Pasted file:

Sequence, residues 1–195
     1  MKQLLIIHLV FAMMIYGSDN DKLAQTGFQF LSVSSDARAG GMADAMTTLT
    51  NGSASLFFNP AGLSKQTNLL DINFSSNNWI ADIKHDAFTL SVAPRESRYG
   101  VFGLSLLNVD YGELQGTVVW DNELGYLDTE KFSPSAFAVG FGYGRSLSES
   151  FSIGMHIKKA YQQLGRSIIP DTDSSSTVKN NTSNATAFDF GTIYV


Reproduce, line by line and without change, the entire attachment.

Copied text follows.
Sequence, residues 1–195
     1  MKQLLIIHLV FAMMIYGSDN DKLAQTGFQF LSVSSDARAG GMADAMTTLT
    51  NGSASLFFNP AGLSKQTNLL DINFSSNNWI ADIKHDAFTL SVAPRESRYG
   101  VFGLSLLNVD YGELQGTVVW DNELGYLDTE KFSPSAFAVG FGYGRSLSES
   151  FSIGMHIKKA YQQLGRSIIP DTDSSSTVKN NTSNATAFDF GTIYV